The Risk Communication team of FPDI has created several resources for the food and agriculture sector. This team was lead by Dr. Tim Sellnow of the University of Kentucky. More information on our Risk Communication projects can be found on our Risk Analysis research page.
Effective Instructional Risk and Crisis Communication: The IDEA Model
Advancing the Robust Case Study II: A Summary of Five Crisis Communication Case Studies Involving Food Events from 2010-2014
The case studies summarized in this document represent five incidents in the food industry that provide a learning opportunity for practitioners and communicators in the industry. Each case is summarized, the research method applied is described, and conclusions and lessons learned from each case are discussed. The goal is that those charged with communicating to stakeholder groups during a food related crisis will learn how to do so more effectively, ultimately mitigating harm and minimizing the damage done by the event. As the ultimate goal of the FPDI is to defend the food system at all levels and phases, this research also aims to reduce the potential for accidental contamination and attack through intentional contamination.
1. Anthony, K. E., Sellnow, T. L., & Millner, A. G. (2013). Message convergence as a message-centered approach to analyzing and improving risk communication. Journal of Applied Communication Research, 41, 346-364.
2. Benoit, W. L., (1995) Accounts, excuses and apologies. Albany, NY: State University Press.
3. Coombs, W. T. (2005). Crisis communication. In R. L. Heath (Ed.), Encyclopedia of public relations (Vol. 1, pp. 221-223).
4. Frisby, B. N., Sellnow, D. D., Lane, D. R., Veil, S. R., & Sellnow, T. L. (2013). Instruction in crisis situations: Targeting learning preferences and self-efficacy. Risk Management, 15, 250-271.
5. Frisby, B. N., Veil, S. R., & Sellnow, T. L. (2014). Instructional messages during health-related crises: Essential content for self-protection. Health Communication, 4, 347-354.
6. Graumann, A., Houston, T., Lawrimore, J., Levinson, D., Lott, N., McCown, S. et al. (2005). Hurricane Katrina: A climatological perspective. NOAA’s National Climate Data Center, Asheville, NC: U.S. Department of Commerce NOAA/NESDIS. Retrieved from http://www.ncdc.noaa.gov/oa/reports/tech-report-200501z.pdf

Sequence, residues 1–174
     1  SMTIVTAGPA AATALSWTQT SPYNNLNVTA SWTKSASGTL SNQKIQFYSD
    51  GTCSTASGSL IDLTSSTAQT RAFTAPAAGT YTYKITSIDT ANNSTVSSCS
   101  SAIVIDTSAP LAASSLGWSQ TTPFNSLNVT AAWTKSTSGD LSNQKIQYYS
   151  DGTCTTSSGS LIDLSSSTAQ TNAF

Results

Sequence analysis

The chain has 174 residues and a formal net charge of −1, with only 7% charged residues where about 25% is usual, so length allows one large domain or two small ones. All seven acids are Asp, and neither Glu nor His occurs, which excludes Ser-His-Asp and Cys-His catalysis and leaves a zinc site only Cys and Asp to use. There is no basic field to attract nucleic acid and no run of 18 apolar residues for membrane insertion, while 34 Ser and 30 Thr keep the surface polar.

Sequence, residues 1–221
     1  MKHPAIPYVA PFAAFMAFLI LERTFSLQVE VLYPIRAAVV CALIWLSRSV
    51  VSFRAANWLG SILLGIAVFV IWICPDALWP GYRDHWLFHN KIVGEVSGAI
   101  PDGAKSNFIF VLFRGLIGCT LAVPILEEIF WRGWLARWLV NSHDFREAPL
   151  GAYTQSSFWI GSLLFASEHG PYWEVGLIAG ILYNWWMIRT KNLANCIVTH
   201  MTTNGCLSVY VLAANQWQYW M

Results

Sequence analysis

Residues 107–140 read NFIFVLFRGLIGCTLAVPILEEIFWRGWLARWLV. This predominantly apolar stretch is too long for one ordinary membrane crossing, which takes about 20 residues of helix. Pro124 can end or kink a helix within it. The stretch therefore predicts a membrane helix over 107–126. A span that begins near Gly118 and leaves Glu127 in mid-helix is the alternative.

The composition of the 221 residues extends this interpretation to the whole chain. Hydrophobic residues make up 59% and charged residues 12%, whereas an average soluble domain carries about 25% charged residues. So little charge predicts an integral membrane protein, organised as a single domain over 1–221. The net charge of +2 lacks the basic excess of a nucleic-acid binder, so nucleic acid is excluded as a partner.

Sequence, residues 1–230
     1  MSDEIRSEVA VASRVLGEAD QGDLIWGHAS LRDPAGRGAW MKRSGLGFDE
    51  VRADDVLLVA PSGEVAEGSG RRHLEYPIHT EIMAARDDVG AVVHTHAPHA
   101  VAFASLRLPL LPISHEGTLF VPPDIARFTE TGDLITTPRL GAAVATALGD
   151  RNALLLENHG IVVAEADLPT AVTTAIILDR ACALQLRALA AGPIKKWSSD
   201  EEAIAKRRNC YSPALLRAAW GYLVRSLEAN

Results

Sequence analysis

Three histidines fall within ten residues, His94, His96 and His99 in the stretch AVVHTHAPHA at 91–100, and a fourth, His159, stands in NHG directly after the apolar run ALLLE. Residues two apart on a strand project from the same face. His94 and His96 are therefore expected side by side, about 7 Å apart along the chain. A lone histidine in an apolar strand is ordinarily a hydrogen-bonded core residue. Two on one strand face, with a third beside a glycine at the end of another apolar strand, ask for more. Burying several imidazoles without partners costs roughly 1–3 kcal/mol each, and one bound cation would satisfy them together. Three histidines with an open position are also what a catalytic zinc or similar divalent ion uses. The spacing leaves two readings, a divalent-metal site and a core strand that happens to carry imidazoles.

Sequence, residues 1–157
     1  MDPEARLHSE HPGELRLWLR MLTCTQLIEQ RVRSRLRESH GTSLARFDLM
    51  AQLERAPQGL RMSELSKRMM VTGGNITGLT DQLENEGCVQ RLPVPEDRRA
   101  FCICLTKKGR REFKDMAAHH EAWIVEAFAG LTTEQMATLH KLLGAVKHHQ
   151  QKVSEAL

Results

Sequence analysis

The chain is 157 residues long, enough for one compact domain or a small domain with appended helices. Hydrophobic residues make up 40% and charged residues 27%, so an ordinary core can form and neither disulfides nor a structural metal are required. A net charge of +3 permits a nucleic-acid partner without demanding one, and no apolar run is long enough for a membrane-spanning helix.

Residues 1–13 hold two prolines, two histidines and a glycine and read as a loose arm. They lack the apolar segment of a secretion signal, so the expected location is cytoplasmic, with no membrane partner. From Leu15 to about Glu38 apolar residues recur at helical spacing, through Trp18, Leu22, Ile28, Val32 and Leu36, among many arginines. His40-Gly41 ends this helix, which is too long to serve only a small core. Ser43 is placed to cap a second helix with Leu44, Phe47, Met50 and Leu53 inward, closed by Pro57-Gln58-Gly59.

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10. Littlefield, R. S., Cowden, K., & Hueston, W. (2007). Crisis and Risk Communication: 10 Tips for public health professionals communicating with Native and New Americans. Fargo, ND: Institute for Regional Studies.
11. Palenchar, M. J., Heath, R. L., Orberton, E. M. (2005). Terrorism and industrial chemical production: A new era of risk communication. Communication Research Reports, 22(1), 59-67.
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15. Seeger, M. W., Sellnow, T. L., & Ulmer, R. R. (1998). Public relations and crisis communication: Organizing and chaos. In M. E. Roloff (Ed.), Communication Yearbook 21 (pp. 231-275). Thousand Oaks, CA: Sage.
16. Seeger, M. W., Sellnow, T. L., & Ulmer, R. R. (2010). Expanding the parameters of crisis communication: From chaos to renewal. In R. L. Heath (Ed.), Public relations handbook (2nd ed.) (pp. 489-500). Thousand Oaks, CA: Sage Publications, Inc.
17. Seeger, M. W., Venette, S. J., Ulmer, R. R., & Sellnow, T. L. (2002). Media use, information seeking, and reported needs in post-crisis contexts. In B. S. Greenberg (Ed.), Communication and terrorism: Public and media response to 911 (pp. 53-64). Cresskill, NJ: Hampton Press, Inc.
18. Sellnow, D. D., & Sellnow, T. L. (2014). Instructional principles, Risk Communication. In T. L. Thompson (Ed.), Encyclopedia of health communication (pp. 1181-1182). Thousand Oaks, CA: Sage.
19. Sellnow, T. L., Sellnow, D.D., Lane, D. R., Littlefield, R. S. (2012). The value of instructional communication in crisis situations: Restoring order to chaos. Risk Analysis, 32(4), 633-643.
20. Sellnow, D. D., Lane, D. R., Littlefield, R. S., Sellnow, T. L., Wilson, B.; Beauchamp, K., & Venette, S. J. (in press). A receiver based approach to effective instructional crisis communication. Journal of Contingencies and Crisis Management.
21. Sellnow, T. L., & Sellnow, D. D. (2010). The instructional dynamic of risk and crisis communication: Distinguishing instructional messages from dialogue. The Review of Communication, 10(2), 111-125).
22. Sellnow, T. L., & Sellnow, D. D. (2013). The role of instructional risk messages in communicating about food safety. Food Insight. Retrieved from www.foodinsight.org
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24. Sellnow, T. L., Ulmer, R. R., Seeger, M. W., & Littlefield, R. S. (2009). Effective risk communication: A message-centered approach. New York, NY: Springer.
25. Spence, P. R., Lachlan, K. A., & Griffin, D. R. (2007). Crisis communication, race, and natural disasters. Journal of Black Studies, 37(4), 539-554.
26. Sutton, J., League, C., Sellnow, T. L., & Sellnow, D. D. (in press). Terse messaging and public health in the midst of natural disasters: The case of the Boulder floods.” Health Communication
27. Trainer, P., & Hutton, J. (1972). An approach to the differential distribution of deaths from disaster. Paper presented at Midwest Council on Social Research in Aging, Kansas City, KS..
28. Wickline, M., & Sellnow, T. L. (2013). Expanding the concept of significant choice through consideration of health literacy during crises. Health Promotion Practice, 14, 809-815.